Los Angeles Times Distorts Evidence on Public Opinion Regarding Global Warming
The Los Angeles Times recently opened a story on climate change opinion in the following manner:
After several years of finding that fewer and fewer Americans believed in man-made climate change, pollsters are now finding that belief is on the uptick.
The newest study from the National Survey of American Public Opinion on Climate Change, which is a biannual survey taken since fall 2008 and organized by the Brookings Institute, shows that 62% of Americans now believe that man-made climate change is occurring, and 26% do not. The others are unsure.
There’s one slight problem with those opening paragraphs: they are absolutely 100% false. The survey in question reported on public opinion regarding global warming . . . not man-made global warming.
Click on the link above to the word “study.” It goes to a short description of the survey. The description is titled “Belief in Global Warming on the Rebound: National Survey of American Public Opinion on Climate Change.” There is a link to a .pdf of the report on the survey. I have gone ahead and uploaded it to my site, so you can read it here.
Feel free to search for any evidence that the survey deals with man-made global warming. You won’t find it. The opening paragraph of the report states:
After a period of declining levels of belief in global warming there appears to be a modest rebound in the percentage of Americans that believe temperatures on the planet are increasing. . . . The survey, which was fielded in December of 2011, found 62% of Americans agreeing that there is solid evidence that average temperatures on earth have been getting warmer over the past four decades, with 26% of U.S. residents maintaining an opposing view on the matter.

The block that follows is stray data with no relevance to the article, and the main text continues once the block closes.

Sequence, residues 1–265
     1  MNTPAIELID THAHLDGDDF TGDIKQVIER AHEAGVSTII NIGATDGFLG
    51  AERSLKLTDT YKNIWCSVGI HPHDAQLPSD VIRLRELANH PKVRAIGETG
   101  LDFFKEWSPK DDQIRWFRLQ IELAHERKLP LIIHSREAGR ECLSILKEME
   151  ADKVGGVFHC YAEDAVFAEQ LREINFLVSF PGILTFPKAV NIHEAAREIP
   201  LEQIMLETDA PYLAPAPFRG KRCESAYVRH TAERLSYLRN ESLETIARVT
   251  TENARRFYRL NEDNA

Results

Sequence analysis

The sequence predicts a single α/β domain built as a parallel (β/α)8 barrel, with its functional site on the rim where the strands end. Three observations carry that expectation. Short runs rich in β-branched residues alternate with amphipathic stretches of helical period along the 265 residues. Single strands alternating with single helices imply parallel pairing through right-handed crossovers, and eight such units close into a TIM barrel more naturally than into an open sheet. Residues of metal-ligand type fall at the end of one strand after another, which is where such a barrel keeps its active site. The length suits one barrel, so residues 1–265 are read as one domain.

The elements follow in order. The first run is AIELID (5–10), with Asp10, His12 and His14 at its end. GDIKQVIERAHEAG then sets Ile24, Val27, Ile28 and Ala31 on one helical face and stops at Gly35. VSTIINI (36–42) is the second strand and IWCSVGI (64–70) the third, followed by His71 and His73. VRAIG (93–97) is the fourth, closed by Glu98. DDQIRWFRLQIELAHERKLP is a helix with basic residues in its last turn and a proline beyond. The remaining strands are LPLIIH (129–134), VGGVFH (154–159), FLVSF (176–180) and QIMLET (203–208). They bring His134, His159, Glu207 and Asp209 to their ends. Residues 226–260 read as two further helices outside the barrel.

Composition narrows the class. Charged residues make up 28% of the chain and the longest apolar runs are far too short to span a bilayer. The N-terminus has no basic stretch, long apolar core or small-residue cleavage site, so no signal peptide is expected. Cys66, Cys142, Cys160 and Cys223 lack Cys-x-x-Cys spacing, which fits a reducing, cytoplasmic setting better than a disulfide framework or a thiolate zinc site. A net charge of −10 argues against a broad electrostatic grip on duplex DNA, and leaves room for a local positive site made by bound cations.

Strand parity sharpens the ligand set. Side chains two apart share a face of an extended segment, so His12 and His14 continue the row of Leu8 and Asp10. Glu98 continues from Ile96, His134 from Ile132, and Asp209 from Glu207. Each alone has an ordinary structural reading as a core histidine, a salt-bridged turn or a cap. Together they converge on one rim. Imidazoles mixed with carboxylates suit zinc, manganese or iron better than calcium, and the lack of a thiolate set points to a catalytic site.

These statistics are the same ones mentioned in the opening paragraphs of the L.A. Times article. The problem is that there is no reference to the concept that the survey relates to man-made global warming — the claim made by the L.A. Times. The questions asked in the survey included questions like: “Is there solid evidence that the average temperature on Earth has been getting warmer over the past four decades?” and “What is the primary factor that has caused you to believe that temperatures on earth are increasing?” (The latter question does not address what people thought was the cause of warmer temperatures, but what was the cause of their change in beliefs. Answers included factors like melting ice caps, Al Gore’s documentary, and the like.)
The difference is huge. The evidence that the planet has been warming, while disputed by some, seems to me be quite strong. Whether that warming is man-made; whether humans significantly contribute to the warming trend; whether the evidence backs up the scientists’ contentions . . . these are questions that are far more subject to dispute.
Ironically, the study observes:
While Americans who think the planet is warming largely disagree with the premise that the media and climate scientists are overstating evidence about global warming, most citizens who do not see evidence of increasing temperatures on Earth believe that the scientists and the press are distorting evidence about the matter.
And they’re right . . . as evidenced by the distortions in this article regarding their opinions!
This comes to us via reader G.H., who says he has brought the matter to the attention of the Readers’ Representative. Apparently in vain, since there is no correction appended to the article.
I believe this is a black-and-white factual error. The article claims that the survey measures changes in beliefs on man-made global warming, and it just doesn’t. So I’ll make this another of my quixotic battles. This post is the opening salvo. It would be nice if it were the only shot I have to fire, as my time and energy are short. If any of you want to take up the next step and write a letter to the Readers’ Rep, that would be fantastic. I will publish every single one you write, together with any response you receive.